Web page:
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How Our Public Gardens Can Grow
From The Philadelphia Inquirer, June 21, 2011
by By George Ball, Chairman and CEO, W. Atlee Burpee & Co - 6/28/2011
The Delaware Valley can rightfully proclaim itself the capital of American public gardens. The fortunate residents of the region can, by traveling a short distance, find themselves in other worlds. They might visit Longwood's stately formal gardens; tour the fanciful themed gardens of Chanticleer; explore arboretums of the first rank, like the Scott Arboretum of Swarthmore College; wander Bartram's Garden, where American botany first bloomed; or muse in the serenity of Shofuso, the Japanese house and garden in Fairmount Park.
Today (June 21,2011) marks the beginning of the Philadelphia-based American Public Gardens Association's annual conference of 500 member organizations from across the country, including a dazzling range of public gardens, arboretums, historical landscapes, zoos, and farm gardens. As they convene, the stewardship of public gardens is coming to a fork in the garden path.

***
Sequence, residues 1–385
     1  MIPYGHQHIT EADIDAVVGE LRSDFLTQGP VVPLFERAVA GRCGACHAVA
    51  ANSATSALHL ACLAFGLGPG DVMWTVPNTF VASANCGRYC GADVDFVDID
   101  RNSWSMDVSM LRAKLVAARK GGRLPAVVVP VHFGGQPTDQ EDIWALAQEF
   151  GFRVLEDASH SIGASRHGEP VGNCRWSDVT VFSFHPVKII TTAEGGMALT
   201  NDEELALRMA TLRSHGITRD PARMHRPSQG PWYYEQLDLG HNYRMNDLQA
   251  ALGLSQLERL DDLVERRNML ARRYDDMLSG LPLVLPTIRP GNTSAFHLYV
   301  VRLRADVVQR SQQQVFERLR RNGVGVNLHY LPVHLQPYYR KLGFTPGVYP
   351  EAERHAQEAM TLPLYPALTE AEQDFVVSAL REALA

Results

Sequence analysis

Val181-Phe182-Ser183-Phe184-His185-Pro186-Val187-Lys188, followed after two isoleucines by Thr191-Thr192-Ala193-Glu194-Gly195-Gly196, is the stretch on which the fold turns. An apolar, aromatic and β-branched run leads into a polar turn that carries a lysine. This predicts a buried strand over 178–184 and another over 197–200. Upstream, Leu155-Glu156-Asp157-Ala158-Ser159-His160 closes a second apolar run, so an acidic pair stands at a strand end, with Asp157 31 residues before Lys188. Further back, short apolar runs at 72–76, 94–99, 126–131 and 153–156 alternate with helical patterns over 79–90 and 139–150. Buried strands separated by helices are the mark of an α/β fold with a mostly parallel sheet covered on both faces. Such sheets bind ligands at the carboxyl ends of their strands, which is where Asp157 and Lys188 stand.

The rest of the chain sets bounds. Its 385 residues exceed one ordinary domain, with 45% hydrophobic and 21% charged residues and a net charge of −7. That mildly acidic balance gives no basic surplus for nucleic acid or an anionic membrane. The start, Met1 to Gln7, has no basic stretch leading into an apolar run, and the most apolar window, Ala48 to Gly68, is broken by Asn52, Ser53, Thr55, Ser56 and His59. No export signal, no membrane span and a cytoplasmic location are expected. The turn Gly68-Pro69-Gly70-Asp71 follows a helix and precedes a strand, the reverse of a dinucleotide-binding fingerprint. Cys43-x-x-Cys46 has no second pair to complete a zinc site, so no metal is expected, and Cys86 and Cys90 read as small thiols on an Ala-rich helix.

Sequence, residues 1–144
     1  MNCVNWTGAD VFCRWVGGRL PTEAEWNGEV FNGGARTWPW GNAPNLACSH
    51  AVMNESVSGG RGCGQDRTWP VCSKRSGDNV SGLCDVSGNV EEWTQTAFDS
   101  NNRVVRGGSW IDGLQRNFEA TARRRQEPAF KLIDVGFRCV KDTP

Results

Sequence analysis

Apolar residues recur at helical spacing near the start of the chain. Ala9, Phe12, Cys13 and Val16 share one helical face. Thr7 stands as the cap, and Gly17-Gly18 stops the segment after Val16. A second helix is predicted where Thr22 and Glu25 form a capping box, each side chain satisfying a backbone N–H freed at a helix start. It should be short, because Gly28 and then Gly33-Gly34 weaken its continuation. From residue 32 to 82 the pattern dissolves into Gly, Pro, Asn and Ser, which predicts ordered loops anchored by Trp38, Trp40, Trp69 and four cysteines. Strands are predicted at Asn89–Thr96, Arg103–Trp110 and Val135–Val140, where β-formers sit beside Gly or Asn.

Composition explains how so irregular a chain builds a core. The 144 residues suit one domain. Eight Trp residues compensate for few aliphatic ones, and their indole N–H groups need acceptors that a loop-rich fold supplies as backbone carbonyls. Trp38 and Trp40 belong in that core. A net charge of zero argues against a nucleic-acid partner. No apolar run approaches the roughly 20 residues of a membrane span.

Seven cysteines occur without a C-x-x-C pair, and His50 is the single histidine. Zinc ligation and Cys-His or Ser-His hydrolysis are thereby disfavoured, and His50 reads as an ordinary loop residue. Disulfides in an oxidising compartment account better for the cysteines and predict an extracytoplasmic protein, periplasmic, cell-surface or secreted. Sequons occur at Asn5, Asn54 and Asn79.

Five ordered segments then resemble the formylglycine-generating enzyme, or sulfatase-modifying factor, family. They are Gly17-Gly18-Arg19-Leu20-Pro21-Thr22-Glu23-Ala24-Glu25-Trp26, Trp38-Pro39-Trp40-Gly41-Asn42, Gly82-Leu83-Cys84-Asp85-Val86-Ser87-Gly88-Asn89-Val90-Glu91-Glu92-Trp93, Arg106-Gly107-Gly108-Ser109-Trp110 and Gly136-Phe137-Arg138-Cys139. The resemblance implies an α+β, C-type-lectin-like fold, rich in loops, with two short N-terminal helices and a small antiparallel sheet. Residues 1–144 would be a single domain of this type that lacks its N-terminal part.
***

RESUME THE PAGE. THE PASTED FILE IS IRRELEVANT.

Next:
Declining attendance and shrinking support from cash-strapped states and municipalities have garden administrators looking for new ways to entice the public and boost paid admissions. There is a temptation to make gardens friendlier and more accessible to the general public by introducing new features and events, also known as "outreach." One can almost imagine the gardens' green tendrils reaching out longingly in the hope of enticing more visitors.
Over the past few years, various public gardens have increased educational offerings for children and adults, added concerts and cafés, showcased art exhibitions, expanded gift shops, made themselves available for weddings and private parties, and built bicycle paths. (Look both ways before you inspect that rare hydrangea!) And, in a quest for topicality, they have introduced programs on global warming, endangered plant species, water conservation, and ecology.
While one may admire garden administrators' doughty entrepreneurial spirit, I think there is a better way to go about things. Making these places more like the rest of the world is not the primrose path to success and solvency. Instead of moving the gardens toward the public, I think it better to move the public toward the gardens.
The greatest opportunity for preserving gardens, attracting more visitors, and boosting their financial support is to convey the singular experience they offer. What some might see as gardens' drawbacks - their quiet uneventfulness and lack of newsworthiness - I believe to be the very qualities that will ensure their success.
This article was originally featured in and reproduced in part from The Philadelphia Inquirer story on June 21,2011.